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DZ-58: Game of Thrones - Character Exposition show art DZ-58: Game of Thrones - Character Exposition

Draft Zero: a screenwriting podcast

while we thought this episode would be an extension of our previous musings on exposition, in nearly every great scene we assessed, the characters basically said “screw talking about plot or backstory” and instead exposited about their character. How it feels to be them. How they have, or have not, changed.

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DZ-57: Backmatter - Aesthetics and Forgiveness in Writing show art DZ-57: Backmatter - Aesthetics and Forgiveness in Writing

Draft Zero: a screenwriting podcast

It is time (in fact, well past time) for our semi-annual #Backmatter episode. For the uninitiated, this is an episode where Stu and Chas discuss career and craft-related topics beyond what makes great screenplays work. To that end, Stu and Chas dive into: a five year review of Draft Zero and how it has changed their writing craft and process; a discussion on the aesthetics of writing; learnings for emerging writers in having their work produced; and finally forgiving yourself for not writing.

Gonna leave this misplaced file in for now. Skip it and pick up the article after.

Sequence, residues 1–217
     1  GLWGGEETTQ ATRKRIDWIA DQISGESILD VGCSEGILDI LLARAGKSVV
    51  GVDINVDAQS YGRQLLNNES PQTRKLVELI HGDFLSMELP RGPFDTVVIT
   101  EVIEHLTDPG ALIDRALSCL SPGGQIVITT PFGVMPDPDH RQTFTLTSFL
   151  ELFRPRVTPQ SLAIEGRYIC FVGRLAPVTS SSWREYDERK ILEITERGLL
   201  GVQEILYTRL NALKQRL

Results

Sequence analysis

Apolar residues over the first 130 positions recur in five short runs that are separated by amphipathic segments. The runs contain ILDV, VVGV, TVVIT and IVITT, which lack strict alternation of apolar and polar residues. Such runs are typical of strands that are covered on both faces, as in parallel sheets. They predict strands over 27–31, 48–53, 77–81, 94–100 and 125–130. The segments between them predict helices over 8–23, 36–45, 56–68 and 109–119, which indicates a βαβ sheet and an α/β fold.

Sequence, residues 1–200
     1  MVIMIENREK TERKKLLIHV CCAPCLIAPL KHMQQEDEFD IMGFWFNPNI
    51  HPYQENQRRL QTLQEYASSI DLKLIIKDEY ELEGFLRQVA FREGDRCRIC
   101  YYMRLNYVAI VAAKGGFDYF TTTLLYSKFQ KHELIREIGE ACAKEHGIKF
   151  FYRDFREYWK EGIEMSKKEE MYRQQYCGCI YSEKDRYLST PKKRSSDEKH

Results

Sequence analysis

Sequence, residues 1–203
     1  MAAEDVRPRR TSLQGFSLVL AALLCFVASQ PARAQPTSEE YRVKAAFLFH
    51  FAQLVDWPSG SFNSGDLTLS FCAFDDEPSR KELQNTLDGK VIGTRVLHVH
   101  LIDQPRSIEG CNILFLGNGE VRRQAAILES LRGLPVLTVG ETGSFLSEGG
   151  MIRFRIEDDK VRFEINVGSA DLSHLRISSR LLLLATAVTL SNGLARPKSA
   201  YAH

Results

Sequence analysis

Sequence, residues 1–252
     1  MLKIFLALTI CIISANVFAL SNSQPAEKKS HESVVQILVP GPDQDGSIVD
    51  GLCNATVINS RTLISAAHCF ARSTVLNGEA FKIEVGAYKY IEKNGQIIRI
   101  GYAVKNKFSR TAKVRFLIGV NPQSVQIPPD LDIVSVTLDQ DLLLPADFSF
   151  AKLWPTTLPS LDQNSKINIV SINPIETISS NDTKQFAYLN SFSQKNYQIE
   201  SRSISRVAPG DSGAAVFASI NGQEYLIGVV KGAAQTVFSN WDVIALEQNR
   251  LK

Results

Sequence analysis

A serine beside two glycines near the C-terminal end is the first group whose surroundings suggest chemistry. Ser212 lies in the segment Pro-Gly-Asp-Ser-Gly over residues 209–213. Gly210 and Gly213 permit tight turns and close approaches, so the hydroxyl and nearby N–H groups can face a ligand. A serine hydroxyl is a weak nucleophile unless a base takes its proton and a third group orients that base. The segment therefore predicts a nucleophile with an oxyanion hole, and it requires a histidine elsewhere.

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DZ-56: Character Motivations (Part 2) show art DZ-56: Character Motivations (Part 2)

Draft Zero: a screenwriting podcast

Chas & Stu examine moments where they did not believe a key decision being made by a character and so were taken out of the movie. They apply the tools they developed in Part 1 to workshop potential fixes to these beats.